A second visit to Dowell's Draft on July 10 yielded mutliple Northern Parulas once again, as well as Ovenbirds and Worm-eating Warblers, but no Prairie Warblers.
On July 14, Penny Warren, Ann Cline, and Andrew Clem made a follow-up visit to Dowell's Draft, seeing or hearing most of the same birds as before. Most importantly, a singing male Prairie Warbler was photographed, confirming probable breeding activity in that location. Another nice surprise (not previously seen there) was a Black-throated Green Warbler, either female or juvenile. There will probably be a field trip to Dowell's Draft in early September.
On June 16, John Spahr led five other Augusta Bird Club members on a second field trip focused on the Virginia Breeding Bird Atlas project. (See the June 2 report below.) The main destination was Braley Pond, near the village of West Augusta, but most of the time was spent along the Johnson Draft trail upstream from the pond. That trail turned out to be very rich in terms of likely breeding birds, and a number of Northern Parulas, Worm-eating Warblers, and Indigo Buntings (including a female with nesting material) were heard and/or seen. Afterwards, some of the members stopped for lunch at the nearby convenience store, where a Ruby-throated Hummingbird came to a feeder. Finally, they spent a while at the Chimney Hollow trail, where they succeeded in locating an Acadian Flycatcher and Louisiana Waterthrush, as well as some juvenile Eastern Phoebes.
On Saturday, June 9th the Augusta Bird Club held its annual spring picnic brunch, this time at Humpback Rocks Picnic Area on the Blue Ridge Parkway. Attendance was HUGE -- about 30 people -- reflecting the nice weather and the recent surge in club membership. Crista Cabe and Andrew Clem led two separate groups on hikes along nearby trails, and a nice variety of birds were heard and seen. Among the highlights were Baltimore Orioles, Scarlet Tanagers, Cerulean Warblers, American Redstarts, and Blue-headed Vireos. And to top it off, the picnic food was wonderful! Many thanks to Linda Matkins, who organized and carried out the big event, and to all the folks who took the time to prepare tasty treats, and finally, to those who helped set up and later clean up all of the picnic paraphernalia.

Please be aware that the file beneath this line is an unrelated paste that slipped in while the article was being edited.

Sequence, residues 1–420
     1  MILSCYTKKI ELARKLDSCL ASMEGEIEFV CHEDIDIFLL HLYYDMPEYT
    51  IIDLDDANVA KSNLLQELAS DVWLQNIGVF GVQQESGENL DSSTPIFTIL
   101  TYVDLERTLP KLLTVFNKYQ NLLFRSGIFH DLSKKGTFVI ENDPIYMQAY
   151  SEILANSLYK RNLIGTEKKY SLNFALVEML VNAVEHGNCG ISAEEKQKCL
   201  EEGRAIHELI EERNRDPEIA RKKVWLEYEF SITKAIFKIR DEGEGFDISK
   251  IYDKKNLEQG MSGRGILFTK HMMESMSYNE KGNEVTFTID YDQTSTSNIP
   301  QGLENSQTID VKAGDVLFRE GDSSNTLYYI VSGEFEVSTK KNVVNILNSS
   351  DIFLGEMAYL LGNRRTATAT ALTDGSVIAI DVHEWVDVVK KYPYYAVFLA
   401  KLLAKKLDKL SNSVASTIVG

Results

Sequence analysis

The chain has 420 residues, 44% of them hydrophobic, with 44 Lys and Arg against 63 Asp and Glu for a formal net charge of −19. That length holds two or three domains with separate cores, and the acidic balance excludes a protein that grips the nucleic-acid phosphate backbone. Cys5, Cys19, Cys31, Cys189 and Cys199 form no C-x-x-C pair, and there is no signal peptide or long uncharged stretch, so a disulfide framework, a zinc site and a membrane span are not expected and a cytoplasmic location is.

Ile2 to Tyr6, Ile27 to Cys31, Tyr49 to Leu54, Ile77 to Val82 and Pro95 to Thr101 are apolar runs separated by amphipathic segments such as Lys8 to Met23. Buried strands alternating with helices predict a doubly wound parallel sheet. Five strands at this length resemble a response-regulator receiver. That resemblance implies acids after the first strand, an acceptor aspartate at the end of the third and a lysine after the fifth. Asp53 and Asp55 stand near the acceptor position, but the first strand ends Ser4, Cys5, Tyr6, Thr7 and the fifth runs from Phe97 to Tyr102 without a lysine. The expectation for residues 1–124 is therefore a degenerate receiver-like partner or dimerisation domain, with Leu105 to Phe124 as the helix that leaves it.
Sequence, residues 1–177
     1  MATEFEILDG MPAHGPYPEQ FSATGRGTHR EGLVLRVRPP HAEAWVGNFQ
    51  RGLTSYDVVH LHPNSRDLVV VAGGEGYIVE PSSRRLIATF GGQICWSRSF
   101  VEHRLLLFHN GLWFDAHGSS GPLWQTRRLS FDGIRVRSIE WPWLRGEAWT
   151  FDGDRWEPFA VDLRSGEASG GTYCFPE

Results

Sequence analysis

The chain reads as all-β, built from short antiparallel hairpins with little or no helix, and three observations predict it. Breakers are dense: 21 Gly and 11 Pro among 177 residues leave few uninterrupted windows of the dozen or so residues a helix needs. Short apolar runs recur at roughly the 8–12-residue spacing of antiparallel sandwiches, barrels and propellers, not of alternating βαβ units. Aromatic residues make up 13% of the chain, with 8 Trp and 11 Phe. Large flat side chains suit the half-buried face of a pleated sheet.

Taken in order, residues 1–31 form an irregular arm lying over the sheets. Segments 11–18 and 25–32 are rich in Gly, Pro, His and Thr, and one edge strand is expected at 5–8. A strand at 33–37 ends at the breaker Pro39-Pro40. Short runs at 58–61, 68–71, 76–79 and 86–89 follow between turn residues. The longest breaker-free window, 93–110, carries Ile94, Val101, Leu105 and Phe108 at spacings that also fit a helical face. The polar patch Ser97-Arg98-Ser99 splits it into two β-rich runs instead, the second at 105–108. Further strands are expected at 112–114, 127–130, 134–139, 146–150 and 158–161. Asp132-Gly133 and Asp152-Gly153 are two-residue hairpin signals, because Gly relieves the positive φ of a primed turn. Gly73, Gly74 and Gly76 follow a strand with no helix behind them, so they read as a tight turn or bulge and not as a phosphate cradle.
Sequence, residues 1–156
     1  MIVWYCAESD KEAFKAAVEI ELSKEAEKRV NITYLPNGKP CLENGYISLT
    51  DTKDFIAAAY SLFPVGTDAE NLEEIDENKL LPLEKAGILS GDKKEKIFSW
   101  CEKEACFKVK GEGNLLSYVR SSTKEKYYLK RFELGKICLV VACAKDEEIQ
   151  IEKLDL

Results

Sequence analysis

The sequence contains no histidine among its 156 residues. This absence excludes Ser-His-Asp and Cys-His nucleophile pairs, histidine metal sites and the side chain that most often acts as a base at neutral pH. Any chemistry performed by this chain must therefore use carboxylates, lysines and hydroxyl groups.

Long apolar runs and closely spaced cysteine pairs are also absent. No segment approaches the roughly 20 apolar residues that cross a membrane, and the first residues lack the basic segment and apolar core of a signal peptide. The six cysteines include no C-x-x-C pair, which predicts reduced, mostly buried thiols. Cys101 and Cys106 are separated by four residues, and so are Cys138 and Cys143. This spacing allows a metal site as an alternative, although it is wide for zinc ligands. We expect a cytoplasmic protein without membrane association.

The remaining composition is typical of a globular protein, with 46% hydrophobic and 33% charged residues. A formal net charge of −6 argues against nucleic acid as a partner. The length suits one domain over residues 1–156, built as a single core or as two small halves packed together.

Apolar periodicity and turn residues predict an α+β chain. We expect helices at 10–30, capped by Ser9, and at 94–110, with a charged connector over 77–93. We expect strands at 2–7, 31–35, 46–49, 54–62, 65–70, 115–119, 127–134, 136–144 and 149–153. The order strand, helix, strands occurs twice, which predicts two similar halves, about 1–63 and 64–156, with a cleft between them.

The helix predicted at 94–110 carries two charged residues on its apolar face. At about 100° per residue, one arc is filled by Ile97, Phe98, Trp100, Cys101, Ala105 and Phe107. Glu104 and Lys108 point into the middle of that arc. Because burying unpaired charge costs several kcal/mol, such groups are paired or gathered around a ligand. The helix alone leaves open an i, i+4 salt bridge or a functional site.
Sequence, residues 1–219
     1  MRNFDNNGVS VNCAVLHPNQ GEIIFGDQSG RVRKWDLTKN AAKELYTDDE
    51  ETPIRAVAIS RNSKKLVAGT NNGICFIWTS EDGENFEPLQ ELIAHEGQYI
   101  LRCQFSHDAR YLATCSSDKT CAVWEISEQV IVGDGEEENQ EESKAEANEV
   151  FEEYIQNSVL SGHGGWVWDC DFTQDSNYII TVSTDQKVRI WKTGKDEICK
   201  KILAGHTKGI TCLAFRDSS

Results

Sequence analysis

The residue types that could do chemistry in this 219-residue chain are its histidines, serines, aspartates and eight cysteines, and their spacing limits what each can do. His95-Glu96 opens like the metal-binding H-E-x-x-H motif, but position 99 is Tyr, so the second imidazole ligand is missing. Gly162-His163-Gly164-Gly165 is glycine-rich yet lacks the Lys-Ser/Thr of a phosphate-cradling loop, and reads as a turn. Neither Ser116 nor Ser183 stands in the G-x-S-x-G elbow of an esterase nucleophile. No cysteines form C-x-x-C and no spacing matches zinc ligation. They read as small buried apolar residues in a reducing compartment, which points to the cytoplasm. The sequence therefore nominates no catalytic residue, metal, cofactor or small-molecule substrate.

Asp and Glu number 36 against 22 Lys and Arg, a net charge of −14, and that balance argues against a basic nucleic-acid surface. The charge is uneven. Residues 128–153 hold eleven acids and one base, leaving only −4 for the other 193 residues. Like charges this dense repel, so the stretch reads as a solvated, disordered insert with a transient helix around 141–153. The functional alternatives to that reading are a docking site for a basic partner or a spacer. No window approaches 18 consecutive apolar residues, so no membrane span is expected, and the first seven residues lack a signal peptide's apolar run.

On June 6, three Augusta Bird Club members went on a hastily-improvised field trip to Highland County, taking advantage of momentary good weather. They succeeded in spotting three main target species. At the Blue Grass cemetery, several Bobolinks were singing and displaying. A few miles north, two male Golden-winged Warblers were seen, along with other warblers, including a female Yellow Warbler in her nest. Finally, at Paddy Knob (on the southwest corner of Highland County, on the West Virginia state line), an elusive Mourning Warbler was briefly spotted, as well as Black-throated Blue Warblers, Dark-eyed Juncos, and a Least Flycatcher.
On June 2, John Spahr led five other Augusta Bird Club members on a field trip around the Swoope area, as part of the Virginia Breeding Bird Atlas project. The big highlight was when Nancy Lawler spotted a Ruby-throated Hummingbird nest on a horizontal tree branch not far away, and soon the mother-to-be was seen in the nest! In a nearby tree, two Eastern Wood-Pewees seemed to be preparing a nest. Also close by were two Yellow-billed Cuckoos, but efforts to photograph them did not pan out.